Trucking Companies Cut Payrolls for Third Straight Month in September
Date: Friday, October 4, 2019
Source: The Wall Street Journal
Jobs grew last month at logistics operators tied to retail sales while truckers overall reduced payrolls by 4,200 jobs
Trucking company payrolls contracted last month as a manufacturing slump weighed on freight demand while logistics sectors tied to e-commerce notched modest gains.
Truckers cut 4,200 jobs in September, the third straight month of declining payrolls, according to preliminary employment figures the U.S. Bureau of Labor Statistics released Friday. The cutbacks came as carriers slammed the brakes on fleet-expansion plans.
Warehousing and storage businesses added 3,400 workers, meantime, as a sector that includes labor-intensive online fulfillment centers stepped up recruitment ahead of the holiday season. The Labor Department revised its earlier numbers to show warehouse operators gained 1,700 jobs in August after earlier reporting a 1,000-job increase.
Hiring expansion slowed at parcel carriers that deliver packages to homes and businesses. Courier and messenger companies added 3,600 jobs in September.
Overall the U.S. gained 136,000 jobs last month and the unemployment rate dropped to 3.5%, a 50-year-low.
Expanded hiring in health care and business and professional services helped offset weakness in the industrial sector that feeds freight networks. Manufacturers lost a net 2,000 jobs, including 4,100 positions at companies that make motor vehicles and auto parts.
The weakness in the industrial sectors includes manufacturers of trucks. Orders for heavy-duty trucks fell 72% in September from the prior year, when trucking companies flush with cash from the 2018 freight boom raced to expand fleets and replace older equipment, according to research firm FTR.
Daimler Trucks North America LLC this week said it would lay off about 900 workers at two North Carolina Freightliner plants. “The market is now clearly returning to normal market levels,” the company said. “This levelling-off in the market requires us to adjust our production levels to meet the normalized demand and therefore reduce our current build rates and employment levels at these locations.”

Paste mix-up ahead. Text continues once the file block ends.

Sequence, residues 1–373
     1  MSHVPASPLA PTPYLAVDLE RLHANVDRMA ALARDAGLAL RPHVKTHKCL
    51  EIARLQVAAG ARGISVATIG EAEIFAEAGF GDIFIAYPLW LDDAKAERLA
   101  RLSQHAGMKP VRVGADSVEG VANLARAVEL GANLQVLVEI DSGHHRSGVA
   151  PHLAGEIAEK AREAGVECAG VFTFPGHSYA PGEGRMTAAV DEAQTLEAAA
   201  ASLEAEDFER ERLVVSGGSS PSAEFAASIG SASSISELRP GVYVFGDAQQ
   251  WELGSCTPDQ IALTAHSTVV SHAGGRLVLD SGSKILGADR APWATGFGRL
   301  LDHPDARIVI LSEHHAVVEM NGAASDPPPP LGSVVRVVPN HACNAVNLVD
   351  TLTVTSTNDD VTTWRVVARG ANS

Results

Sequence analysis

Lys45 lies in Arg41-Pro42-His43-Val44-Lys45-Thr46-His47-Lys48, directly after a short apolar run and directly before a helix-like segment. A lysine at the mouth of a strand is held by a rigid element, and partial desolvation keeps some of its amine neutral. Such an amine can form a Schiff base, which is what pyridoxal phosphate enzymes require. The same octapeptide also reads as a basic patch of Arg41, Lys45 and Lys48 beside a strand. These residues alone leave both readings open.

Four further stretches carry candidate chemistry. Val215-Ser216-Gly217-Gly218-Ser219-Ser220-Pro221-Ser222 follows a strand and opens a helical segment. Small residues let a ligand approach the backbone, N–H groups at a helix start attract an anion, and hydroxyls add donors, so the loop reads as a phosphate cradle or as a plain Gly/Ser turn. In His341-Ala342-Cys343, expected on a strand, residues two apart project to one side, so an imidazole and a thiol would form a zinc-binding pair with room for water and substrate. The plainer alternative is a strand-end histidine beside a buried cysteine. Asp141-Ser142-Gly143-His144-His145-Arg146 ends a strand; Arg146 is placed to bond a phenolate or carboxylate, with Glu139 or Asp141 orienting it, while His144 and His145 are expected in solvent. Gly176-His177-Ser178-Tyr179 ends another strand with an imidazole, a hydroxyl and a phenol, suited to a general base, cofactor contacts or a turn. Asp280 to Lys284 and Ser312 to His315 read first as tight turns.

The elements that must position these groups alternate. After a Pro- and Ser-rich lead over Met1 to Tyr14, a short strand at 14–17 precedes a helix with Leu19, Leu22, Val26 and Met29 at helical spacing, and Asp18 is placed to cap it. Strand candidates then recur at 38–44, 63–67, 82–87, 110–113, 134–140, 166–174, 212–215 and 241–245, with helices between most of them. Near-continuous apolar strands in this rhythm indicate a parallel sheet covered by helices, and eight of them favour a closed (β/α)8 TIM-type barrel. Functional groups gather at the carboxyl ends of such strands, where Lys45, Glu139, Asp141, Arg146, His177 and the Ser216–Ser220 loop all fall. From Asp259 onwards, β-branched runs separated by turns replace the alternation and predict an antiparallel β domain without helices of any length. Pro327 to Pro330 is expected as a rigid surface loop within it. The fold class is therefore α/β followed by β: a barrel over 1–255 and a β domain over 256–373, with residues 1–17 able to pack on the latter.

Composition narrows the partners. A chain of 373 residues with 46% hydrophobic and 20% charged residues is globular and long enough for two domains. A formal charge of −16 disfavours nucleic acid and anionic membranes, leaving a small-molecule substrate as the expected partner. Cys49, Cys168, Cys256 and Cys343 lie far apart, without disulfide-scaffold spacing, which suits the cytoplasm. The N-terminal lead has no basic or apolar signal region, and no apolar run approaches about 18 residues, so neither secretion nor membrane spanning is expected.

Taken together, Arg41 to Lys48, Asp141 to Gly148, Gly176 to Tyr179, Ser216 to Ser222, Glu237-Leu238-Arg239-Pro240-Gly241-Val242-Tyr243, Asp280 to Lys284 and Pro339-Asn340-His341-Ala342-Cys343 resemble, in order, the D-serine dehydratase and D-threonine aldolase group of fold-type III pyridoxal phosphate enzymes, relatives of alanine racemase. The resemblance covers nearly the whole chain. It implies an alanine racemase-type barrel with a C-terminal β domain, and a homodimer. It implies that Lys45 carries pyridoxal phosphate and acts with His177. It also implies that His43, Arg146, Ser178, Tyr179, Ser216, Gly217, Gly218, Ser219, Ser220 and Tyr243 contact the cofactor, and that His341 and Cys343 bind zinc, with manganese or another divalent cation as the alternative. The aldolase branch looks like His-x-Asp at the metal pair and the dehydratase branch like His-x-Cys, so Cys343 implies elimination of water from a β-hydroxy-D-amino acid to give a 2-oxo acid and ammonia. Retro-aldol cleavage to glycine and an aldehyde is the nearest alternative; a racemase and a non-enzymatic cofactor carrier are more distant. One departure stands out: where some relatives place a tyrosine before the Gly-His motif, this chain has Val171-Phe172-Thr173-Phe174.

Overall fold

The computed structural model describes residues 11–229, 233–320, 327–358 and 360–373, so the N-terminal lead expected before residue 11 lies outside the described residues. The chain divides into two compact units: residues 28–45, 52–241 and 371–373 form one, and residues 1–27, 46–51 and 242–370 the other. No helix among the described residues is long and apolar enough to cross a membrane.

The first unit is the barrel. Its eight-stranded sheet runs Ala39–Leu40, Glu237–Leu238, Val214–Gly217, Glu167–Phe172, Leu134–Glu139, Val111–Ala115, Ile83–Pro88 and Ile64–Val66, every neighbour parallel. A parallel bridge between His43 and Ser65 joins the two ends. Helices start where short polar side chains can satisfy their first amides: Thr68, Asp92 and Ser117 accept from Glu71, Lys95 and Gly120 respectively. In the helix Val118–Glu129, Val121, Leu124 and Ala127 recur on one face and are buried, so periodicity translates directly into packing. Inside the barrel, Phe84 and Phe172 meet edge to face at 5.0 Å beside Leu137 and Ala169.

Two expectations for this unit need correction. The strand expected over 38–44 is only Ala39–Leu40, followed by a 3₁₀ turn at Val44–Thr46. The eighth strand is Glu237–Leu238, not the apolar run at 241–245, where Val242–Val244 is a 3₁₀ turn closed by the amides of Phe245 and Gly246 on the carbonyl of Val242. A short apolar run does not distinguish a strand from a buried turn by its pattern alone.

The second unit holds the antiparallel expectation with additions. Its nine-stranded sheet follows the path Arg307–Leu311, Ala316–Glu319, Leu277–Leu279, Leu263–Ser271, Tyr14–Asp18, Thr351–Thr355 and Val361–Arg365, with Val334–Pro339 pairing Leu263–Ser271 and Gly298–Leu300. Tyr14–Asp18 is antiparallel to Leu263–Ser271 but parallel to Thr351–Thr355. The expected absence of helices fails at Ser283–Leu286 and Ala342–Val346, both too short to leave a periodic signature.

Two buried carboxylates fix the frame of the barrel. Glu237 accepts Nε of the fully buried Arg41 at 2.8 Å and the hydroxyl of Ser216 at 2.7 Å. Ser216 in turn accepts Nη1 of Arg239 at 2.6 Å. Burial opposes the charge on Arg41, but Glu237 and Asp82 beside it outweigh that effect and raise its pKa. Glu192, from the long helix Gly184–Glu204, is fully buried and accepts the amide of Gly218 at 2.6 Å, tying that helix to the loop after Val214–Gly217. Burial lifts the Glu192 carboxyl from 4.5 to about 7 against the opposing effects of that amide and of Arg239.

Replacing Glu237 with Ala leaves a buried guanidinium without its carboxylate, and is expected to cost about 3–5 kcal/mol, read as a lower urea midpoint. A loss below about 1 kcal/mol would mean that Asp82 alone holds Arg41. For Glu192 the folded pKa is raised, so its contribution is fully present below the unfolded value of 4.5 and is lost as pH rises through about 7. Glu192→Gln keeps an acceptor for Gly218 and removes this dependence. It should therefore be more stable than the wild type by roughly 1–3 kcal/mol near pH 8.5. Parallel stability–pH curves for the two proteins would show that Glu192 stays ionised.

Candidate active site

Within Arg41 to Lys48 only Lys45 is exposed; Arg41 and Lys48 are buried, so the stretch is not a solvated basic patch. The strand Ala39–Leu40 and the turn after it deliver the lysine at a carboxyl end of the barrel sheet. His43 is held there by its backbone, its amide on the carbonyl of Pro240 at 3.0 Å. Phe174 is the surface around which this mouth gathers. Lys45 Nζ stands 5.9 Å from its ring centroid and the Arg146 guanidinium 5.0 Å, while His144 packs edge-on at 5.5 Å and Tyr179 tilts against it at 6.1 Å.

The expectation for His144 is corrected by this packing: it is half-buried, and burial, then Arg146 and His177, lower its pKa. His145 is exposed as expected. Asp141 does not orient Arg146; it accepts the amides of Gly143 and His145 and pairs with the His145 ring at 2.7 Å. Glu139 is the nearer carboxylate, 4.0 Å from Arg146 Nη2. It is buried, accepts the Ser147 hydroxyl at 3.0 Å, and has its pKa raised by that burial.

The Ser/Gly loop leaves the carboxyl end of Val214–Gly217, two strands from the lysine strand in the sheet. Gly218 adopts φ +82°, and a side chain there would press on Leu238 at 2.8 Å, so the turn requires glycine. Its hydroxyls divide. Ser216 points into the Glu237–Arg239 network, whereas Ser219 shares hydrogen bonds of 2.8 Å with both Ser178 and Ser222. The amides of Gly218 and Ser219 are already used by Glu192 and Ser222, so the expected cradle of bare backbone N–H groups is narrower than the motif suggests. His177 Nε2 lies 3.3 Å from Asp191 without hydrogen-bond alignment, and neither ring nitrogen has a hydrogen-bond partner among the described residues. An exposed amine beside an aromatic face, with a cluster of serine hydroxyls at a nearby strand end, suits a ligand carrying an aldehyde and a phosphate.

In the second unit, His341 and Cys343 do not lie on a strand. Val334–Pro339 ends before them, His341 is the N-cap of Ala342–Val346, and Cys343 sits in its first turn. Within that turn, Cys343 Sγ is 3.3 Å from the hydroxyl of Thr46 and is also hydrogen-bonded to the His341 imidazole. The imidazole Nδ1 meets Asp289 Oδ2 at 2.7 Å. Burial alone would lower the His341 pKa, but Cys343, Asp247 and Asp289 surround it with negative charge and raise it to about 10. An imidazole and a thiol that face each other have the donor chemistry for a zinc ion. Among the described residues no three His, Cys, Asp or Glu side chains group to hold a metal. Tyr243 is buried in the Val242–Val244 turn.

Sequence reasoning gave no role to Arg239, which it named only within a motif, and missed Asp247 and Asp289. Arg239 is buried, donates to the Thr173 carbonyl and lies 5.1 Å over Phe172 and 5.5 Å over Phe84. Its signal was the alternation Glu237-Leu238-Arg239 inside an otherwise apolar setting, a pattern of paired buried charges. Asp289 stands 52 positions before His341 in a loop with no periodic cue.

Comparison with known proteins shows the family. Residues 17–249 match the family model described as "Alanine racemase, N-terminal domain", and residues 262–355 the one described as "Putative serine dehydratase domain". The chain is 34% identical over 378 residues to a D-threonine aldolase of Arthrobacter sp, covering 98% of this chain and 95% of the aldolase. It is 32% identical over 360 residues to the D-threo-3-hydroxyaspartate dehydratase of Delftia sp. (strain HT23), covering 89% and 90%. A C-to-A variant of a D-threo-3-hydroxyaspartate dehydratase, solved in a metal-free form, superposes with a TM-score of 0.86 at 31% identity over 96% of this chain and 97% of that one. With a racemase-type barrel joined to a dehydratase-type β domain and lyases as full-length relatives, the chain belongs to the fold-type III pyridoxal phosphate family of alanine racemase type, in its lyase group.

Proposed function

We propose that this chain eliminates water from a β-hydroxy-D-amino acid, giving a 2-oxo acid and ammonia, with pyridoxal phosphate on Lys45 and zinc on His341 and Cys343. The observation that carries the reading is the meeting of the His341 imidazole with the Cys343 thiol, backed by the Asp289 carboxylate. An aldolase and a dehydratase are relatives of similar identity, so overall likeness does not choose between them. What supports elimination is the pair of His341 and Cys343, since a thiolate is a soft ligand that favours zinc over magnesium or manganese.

The trucking sector now has cut payrolls by 9,600 jobs over the past three months.
Trucking companies that stepped up recruitment last year also are cutting off that hiring pipeline as freight demand softens, said Avery Vise, FTR’s vice president of trucking. “They overshot things a little,” he said. What’s more, “a lot of smaller carriers are going out of business…through August we’ve already lost twice as many for-hire carriers than we lost in the entire of 2018.”
This week Roadrunner Transportation Systems Inc., a large Downers Grove, Ill.-based trucking company, said it plans to cut about 450 jobs, or 10% of its total workforce, as it downsizes its unprofitable Rich Logistics truckload business as part of a broader operational overhaul.
Logistics employers in sectors tied more closely to retail and e-commerce are in expansion mode as they prepare for the holiday peak. The National Retail Federation expects holiday sales to rise by between 3.8% to 4.2% this year, although it warned that slowing economic growth and uncertainty over trade could erode consumer confidence.
Delivery giant United Parcel Service Inc. plans to hire 100,000 seasonal workers this year, and staffing agencies report demand for warehouse labor is outstripping the available supply.